Gilmour: The foreign fighters, Osama bin Laden and al-Qaida, know they can get protection because the Pashtun are bound by this strict tribal code. Their principle code is hospitality, and another code that closely follows revenge requires them to give shelter to fugitives. So even though the majority of Pashtuns do not agree with Osama bin Laden's ideas, they are bound culturally to protect the fighters. And if someone comes looking for them they will fight off the authorities to the death.

Question: Do the people in the area fear that the American troops are going to come over from Afghanistan at some stage?

Gilmour: I am horrified by the thought of American and NATO troops coming into the tribal areas. You have almost 4 million people, civilians, who carry arms as a way of life. But they could be considered combatants in an instant, depending on who is doing the interpreting. And they would fight to the death. They would hate nothing more than foreign soldiers coming into their area.

Question: What influence does the current political situation in Pakistan have?

Gilmour: You have the extremely unpopular dictator, (Pakistani President Pervez) Musharraf. He is doing questionable things in the tribal areas and the Americans are offering their troops. That just scares me. I know the Pashtuns, all they want to do is protect their way of life. Americans talk about defending their way of life, Pashtuns are exactly the same. They just want to protect their way of life and their freedom and they will fight.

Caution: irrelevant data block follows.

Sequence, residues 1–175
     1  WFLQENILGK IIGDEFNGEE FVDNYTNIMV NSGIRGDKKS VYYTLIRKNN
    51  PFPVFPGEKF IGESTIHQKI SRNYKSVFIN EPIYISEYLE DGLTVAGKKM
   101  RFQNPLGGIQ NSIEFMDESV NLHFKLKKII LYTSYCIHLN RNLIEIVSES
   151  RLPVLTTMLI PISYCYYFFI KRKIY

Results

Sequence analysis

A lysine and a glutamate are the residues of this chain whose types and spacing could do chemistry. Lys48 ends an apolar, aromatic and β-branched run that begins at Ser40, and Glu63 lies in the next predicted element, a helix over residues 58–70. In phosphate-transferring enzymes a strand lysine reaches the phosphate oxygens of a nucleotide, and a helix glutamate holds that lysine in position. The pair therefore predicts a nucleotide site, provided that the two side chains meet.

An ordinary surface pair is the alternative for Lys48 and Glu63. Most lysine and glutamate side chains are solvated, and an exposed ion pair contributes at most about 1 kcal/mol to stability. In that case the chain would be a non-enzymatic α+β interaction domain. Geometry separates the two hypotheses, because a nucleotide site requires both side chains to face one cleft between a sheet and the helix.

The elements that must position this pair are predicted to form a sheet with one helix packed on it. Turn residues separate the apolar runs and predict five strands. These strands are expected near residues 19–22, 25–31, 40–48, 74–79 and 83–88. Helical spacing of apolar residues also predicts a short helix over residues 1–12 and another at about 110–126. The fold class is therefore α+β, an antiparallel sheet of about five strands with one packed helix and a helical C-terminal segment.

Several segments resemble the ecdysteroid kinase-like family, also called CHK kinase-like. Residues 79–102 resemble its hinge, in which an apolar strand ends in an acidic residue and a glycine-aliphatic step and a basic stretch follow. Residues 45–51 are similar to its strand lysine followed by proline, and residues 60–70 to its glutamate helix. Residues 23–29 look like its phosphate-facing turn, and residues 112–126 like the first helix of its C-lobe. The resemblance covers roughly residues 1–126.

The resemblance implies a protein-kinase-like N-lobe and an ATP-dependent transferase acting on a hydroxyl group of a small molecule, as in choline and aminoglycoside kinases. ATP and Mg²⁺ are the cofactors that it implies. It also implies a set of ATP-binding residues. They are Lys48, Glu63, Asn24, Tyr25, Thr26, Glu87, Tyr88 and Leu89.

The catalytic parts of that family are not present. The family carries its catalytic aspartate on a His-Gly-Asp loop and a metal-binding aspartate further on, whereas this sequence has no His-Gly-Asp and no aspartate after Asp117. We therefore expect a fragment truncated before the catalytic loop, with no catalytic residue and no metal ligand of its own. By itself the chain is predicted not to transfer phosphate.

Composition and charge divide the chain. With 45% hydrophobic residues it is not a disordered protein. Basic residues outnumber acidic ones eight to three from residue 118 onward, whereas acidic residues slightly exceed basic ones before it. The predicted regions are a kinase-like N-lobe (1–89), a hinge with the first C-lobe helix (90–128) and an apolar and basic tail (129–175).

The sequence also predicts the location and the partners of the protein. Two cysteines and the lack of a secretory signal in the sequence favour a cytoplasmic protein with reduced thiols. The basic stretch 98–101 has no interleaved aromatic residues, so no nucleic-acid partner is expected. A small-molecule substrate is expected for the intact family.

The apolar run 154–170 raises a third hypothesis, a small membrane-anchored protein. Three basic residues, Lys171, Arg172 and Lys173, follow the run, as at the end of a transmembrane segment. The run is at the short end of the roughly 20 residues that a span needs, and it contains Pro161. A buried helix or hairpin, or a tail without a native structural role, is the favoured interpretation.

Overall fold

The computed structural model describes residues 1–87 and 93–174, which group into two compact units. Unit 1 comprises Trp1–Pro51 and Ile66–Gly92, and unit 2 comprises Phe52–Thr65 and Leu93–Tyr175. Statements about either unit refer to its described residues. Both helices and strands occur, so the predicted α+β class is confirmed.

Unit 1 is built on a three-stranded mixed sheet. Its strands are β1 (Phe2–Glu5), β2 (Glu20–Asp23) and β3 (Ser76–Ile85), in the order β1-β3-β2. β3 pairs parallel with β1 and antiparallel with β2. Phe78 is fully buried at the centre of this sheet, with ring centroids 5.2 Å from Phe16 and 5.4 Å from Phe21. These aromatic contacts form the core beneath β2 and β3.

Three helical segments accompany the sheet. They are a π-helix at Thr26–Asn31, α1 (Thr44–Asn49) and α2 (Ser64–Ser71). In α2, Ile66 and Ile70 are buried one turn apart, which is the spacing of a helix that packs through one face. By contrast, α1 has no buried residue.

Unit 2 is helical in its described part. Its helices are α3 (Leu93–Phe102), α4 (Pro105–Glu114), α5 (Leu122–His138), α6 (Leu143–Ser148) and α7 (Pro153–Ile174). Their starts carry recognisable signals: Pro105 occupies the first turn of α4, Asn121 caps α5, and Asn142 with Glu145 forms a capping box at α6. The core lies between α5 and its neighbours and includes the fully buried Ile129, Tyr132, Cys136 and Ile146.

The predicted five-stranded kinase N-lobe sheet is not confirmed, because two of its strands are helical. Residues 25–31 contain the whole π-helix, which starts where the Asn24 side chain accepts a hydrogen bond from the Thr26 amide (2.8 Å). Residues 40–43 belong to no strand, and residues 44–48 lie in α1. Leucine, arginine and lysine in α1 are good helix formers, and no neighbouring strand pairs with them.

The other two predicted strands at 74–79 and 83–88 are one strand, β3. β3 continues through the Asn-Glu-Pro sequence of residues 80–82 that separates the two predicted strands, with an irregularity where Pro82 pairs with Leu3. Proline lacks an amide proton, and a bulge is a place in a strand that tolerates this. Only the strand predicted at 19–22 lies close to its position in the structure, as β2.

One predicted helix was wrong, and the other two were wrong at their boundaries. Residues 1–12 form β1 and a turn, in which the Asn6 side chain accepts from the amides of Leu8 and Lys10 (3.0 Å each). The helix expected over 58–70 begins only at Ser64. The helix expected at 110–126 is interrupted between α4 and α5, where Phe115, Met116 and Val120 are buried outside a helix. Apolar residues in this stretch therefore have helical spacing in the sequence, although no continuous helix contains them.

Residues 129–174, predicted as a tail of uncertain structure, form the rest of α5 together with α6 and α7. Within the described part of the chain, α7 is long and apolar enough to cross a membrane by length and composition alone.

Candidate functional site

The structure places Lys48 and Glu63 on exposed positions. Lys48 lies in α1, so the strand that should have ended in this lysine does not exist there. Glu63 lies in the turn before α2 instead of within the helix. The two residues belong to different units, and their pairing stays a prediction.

Question: How did you come up with the final script?

Gilmour: Well, it really ended up coming from them. We went with the first script and my right-hand man Hayat Khan Shinwari, who was my executive producer and my assistant director, took one look at the script and laughed. It was a great source of amusement, they used to sit around late at night in a group reading the script, laughing.

Question: So what did you do differently then?

Gilmour: We decided to throw out that script and work with the Pashtun people. There was a lot of collaboration involved. The basic story remained the same, the father and son, with the son wanting to go school. But, in terms of individual scenes and dialogue, they had freedom. We ended up telling them to have a few key piece of dialogue in each scene -- to move the story forward -- but the rest was improvised.

Question: Like the scene where the men of the village discuss politics and whether they would give refuge to Osama bin Laden?

Gilmour: Yes, I want to emphasize that. It was them speaking. It wasn't words I imposed on them.

Question: How did you find your cast?

Gilmour: We couldn't do casting sessions. I got most of the cast imposed on me, the boy is the son of Hayat Khan Shinwari, and the grandmother is the boy's grandmother.

Question: Was the actor who played the father related to this family?

Gilmour: No, he was played by Sher Alam Miskeen Ustad, who was a major mujahideen fighter in Afghanistan. In one scene he shows his son how he took out a whole Russian platoon with a bazooka. That really happened. When the Americans invaded Afghanistan in 2001, the Taliban sent word to him to come and fight but he said no, he had seen enough bloodshed and enough death.

Question: And were you concerned about what might happen to the people in the film?

Gilmour: I was and still am concerned that they could get into trouble. But they wanted to do the film. They said there was nothing in the film that was insulting to Islam, to Pakistan or to the Pashtun people.

Siobhán Dowling attended a group interview with Benjamin Gilmour.